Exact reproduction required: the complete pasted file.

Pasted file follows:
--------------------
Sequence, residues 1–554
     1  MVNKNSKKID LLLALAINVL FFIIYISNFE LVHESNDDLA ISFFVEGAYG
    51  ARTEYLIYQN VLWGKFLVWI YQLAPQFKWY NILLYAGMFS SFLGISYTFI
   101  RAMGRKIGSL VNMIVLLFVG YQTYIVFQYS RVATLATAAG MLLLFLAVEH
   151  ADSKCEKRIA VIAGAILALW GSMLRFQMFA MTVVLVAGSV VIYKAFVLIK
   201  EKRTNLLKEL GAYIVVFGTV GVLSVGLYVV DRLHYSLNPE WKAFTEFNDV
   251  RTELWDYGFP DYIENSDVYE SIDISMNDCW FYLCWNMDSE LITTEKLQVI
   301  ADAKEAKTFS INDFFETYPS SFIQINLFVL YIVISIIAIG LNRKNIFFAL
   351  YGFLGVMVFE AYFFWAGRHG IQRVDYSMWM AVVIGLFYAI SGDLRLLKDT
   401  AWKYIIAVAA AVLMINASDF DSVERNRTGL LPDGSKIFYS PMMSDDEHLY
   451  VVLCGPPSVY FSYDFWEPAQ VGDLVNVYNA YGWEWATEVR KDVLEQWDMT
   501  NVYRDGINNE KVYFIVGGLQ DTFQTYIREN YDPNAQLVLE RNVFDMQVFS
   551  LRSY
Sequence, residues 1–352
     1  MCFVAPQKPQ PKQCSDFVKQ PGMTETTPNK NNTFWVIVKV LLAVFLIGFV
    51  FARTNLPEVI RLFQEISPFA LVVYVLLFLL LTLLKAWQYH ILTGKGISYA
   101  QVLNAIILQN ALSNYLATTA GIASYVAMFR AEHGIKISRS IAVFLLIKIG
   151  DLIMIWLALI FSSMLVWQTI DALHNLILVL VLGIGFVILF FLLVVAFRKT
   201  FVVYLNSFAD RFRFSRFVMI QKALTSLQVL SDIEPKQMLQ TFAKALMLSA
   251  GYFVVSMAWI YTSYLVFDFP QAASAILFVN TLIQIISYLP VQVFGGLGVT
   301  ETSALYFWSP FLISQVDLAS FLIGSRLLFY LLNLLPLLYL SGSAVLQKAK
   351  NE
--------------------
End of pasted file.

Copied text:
Sequence, residues 1–554
     1  MVNKNSKKID LLLALAINVL FFIIYISNFE LVHESNDDLA ISFFVEGAYG
    51  ARTEYLIYQN VLWGKFLVWI YQLAPQFKWY NILLYAGMFS SFLGISYTFI
   101  RAMGRKIGSL VNMIVLLFVG YQTYIVFQYS RVATLATAAG MLLLFLAVEH
   151  ADSKCEKRIA VIAGAILALW GSMLRFQMFA MTVVLVAGSV VIYKAFVLIK
   201  EKRTNLLKEL GAYIVVFGTV GVLSVGLYVV DRLHYSLNPE WKAFTEFNDV
   251  RTELWDYGFP DYIENSDVYE SIDISMNDCW FYLCWNMDSE LITTEKLQVI
   301  ADAKEAKTFS INDFFETYPS SFIQINLFVL YIVISIIAIG LNRKNIFFAL
   351  YGFLGVMVFE AYFFWAGRHG IQRVDYSMWM AVVIGLFYAI SGDLRLLKDT
   401  AWKYIIAVAA AVLMINASDF DSVERNRTGL LPDGSKIFYS PMMSDDEHLY
   451  VVLCGPPSVY FSYDFWEPAQ VGDLVNVYNA YGWEWATEVR KDVLEQWDMT
   501  NVYRDGINNE KVYFIVGGLQ DTFQTYIREN YDPNAQLVLE RNVFDMQVFS
   551  LRSY
Sequence, residues 1–352
     1  MCFVAPQKPQ PKQCSDFVKQ PGMTETTPNK NNTFWVIVKV LLAVFLIGFV
    51  FARTNLPEVI RLFQEISPFA LVVYVLLFLL LTLLKAWQYH ILTGKGISYA
   101  QVLNAIILQN ALSNYLATTA GIASYVAMFR AEHGIKISRS IAVFLLIKIG
   151  DLIMIWLALI FSSMLVWQTI DALHNLILVL VLGIGFVILF FLLVVAFRKT
   201  FVVYLNSFAD RFRFSRFVMI QKALTSLQVL SDIEPKQMLQ TFAKALMLSA
   251  GYFVVSMAWI YTSYLVFDFP QAASAILFVN TLIQIISYLP VQVFGGLGVT
   301  ETSALYFWSP FLISQVDLAS FLIGSRLLFY LLNLLPLLYL SGSAVLQKAK
   351  NE